The US Federal Reserve also provides data from which we can glean an estimate of the US rate of profit and on an even more up to date basis (to mid-2016).  However, the Fed measure only covers the non-financial corporate sector and only goes back to 1960.  The Fed measure, a la Marx, is the net operating surplus (profit) over non-financial assets and employee compensation.  It broadly confirms the long-term trends revealed in the whole economy measure.

fed-measure

More interestingly, the Fed measure shows that the rate of profit for non-financial companies has fallen since 2012 and particularly since 2014.

So, as I said at the start of this post, the main conclusions from last year remain.  What the 2015 measures add is that the US rate of profit (on any measure) fell in 2015 and is now down about 3% from 2012.  US corporate profits are falling in absolute terms and have been since early 2015.

rop-yoy

The US rate of profit is likely to have fallen again this year and that fall is accelerating according to the more high frequency Fed data.

13 Responses to “The US rate of profit 1948-2015”

  1. semyorka Says:

    The non so steep fall in the rate of profit might mean the transfer of surplus from third world countries due the moving of industries out of US. Though C might increase in value due the higher prices of means of prodcution in US, the commodities have long chains of productions, in the assembling of such products, outside it. So, there is a sum of foreign surplus value.

  2. James Devine Says:

    question: how do you treat unproductive expenditure in your calculation? is it deducted from surplus-value to get an estimate of profit? is it added to variable or constant capital?

  3. Boffy Says:

    The problem here is that the organic composition of capital is not measured just against the fixed capital stock, but against the whole of the advanced constant, i.e. the fixed and circulating capital.

    As Marx sets out in Capital Volume II, and in even greater detail in Theories of Surplus Value, the bourgeois determination of the value of national output is false. It is based on what Marx calls Adam Smith’s “absurd notion” that the value of commodities, and equally therefore, the entire commodity-capital, can be dissolved entirely into revenues – wages, profits, rent, interest (and taxes).

    But, as Marx describes, it clearly cannot. These revenues, equal to GDP, are only equal to the new value created by labour during the year, i.e. to (v+s), whereas the actual value of output is equal to c+v+s. A large and growing part of the value of total output consists of the circulating constant capital, i.e. raw and auxiliary materials, plus wear and tear of fixed capital.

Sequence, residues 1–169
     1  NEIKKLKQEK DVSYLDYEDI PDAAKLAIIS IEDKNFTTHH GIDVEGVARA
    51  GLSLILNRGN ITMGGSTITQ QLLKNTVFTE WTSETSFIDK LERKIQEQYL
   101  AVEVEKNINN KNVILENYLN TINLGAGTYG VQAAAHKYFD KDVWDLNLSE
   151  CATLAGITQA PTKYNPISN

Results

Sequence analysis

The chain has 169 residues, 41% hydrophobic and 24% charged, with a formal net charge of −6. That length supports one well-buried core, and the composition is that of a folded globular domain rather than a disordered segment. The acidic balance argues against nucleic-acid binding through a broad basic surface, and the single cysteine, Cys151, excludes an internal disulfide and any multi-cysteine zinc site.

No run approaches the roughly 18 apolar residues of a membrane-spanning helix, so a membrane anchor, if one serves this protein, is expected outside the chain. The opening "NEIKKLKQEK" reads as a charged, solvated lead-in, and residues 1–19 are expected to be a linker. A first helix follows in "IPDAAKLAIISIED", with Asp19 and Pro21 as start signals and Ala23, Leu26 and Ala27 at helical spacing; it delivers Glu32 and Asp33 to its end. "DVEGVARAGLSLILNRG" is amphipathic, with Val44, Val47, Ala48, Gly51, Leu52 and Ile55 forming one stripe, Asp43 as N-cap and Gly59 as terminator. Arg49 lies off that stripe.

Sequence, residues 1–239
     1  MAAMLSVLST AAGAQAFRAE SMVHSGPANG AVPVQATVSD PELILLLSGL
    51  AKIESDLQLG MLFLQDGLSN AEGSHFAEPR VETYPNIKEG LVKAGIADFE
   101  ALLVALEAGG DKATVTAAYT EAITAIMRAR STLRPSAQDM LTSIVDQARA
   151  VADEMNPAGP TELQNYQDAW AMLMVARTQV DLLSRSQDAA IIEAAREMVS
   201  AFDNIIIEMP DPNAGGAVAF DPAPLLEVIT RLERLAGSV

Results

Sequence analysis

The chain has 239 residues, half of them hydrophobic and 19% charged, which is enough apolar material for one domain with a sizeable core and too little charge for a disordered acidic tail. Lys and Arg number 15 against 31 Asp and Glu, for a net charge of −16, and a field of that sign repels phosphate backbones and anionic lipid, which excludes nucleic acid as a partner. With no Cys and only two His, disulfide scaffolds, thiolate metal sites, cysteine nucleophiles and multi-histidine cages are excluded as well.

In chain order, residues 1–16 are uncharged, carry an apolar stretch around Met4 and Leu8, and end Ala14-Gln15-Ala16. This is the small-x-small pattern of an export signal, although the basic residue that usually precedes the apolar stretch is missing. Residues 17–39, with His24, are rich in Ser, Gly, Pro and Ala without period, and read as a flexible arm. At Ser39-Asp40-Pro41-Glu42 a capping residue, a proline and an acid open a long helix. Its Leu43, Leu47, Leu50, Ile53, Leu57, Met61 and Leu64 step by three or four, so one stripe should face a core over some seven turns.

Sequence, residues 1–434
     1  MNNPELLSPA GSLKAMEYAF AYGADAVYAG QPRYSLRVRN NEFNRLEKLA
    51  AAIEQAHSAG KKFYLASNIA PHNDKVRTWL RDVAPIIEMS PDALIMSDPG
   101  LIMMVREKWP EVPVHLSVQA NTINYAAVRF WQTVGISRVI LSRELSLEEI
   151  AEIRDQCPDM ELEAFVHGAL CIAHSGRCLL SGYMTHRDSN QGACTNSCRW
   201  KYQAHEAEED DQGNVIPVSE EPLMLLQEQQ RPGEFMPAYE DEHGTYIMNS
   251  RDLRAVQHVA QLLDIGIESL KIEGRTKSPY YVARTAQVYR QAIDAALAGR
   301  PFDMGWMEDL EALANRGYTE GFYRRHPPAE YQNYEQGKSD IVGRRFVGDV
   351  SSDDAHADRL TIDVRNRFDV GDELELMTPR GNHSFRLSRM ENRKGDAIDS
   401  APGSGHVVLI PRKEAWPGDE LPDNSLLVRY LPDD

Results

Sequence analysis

Yet, all of this element is omitted from the GDP figures of capitalist economies, which are compiled on the basis of value added. The delusion is created in these figures, as Marx shows in his destruction of Smith’s “absurd notion”, because they contain the element of value represented by “intermediate production”. But, as Marx demonstrates this value of intermediate production, is only the element of new value created by labour in Department I, and exchanged for consumption goods from Department II.

    As Marx sets out in Capital Volume II in relation to simple reproduction.

    “Total annual commodity-product:

    I. 4,000c + 1,000v + 1,000s = 6,000 means of production
    II. 2,000c + 500v + 500s = 3,000 articles of consumption.”

    Capital II, Chapter 20

    Here intermediate production that appears in the value of final production (GDP) is equal to the 2000 c in Department II, but this is only equal to Department I (v+s).

    If we total National Income here, which is what capitalist economies equate with the value of national output or GDP, it is 2000 in Department I, and 1,000 in Department. The total value of the final output from Department II certainly does as Smith says resolve into the factor incomes (v + s).

    But, as Marx points out, this value of final output equal to National Income is, in fact, only equal to the value of the consumption fund, and not equal to the value of total output.

    The value of National Income or GDP here, in Marx’s example is 3000, but as his model shows the total value of output is 7,000, because 4,000 of total output is never traded, and forms no income for anyone, it is simply an exchange of capital with capital, a portion of value equal to circulating constant capital (materials plus wear and tear of fixed capital) entering the value of current production, and an equal value being withdrawn from production to reproduce the consumed constant capital.

    In fact, one would expect that as the proportion of fixed capital used in production rises, and especially as that fixed capital becomes more productive as technology improves, that the amount of circulating constant capital processed would rise sharply as against the mass of fixed capital – which is what Marx states in Capital III, Chapter 6, must happen – because this is the very basis of rising social productivity, and the rise in the organic composition of capital.

    But, equally, as Marx describes that process whilst bringing forth a rise in the mass of constant capital laid out, that rise in social productivity causes the rate of turnover of capital to rise so that a smaller proportion of capital is advanced, causing the general annual rate of profit to rise, even as the rate of profit/profit margin may fall.

    Because the GDP figures are only figures for new value added, and omit the actual value of circulating constant capital value contained in total output the rate of profit figure calculated against the fixed capital stock is not only wrong, but it misses out the main point that Marx was making about the relation between fixed and circulating capital, the rising social productivity, and changes in the rate of turnover of capital.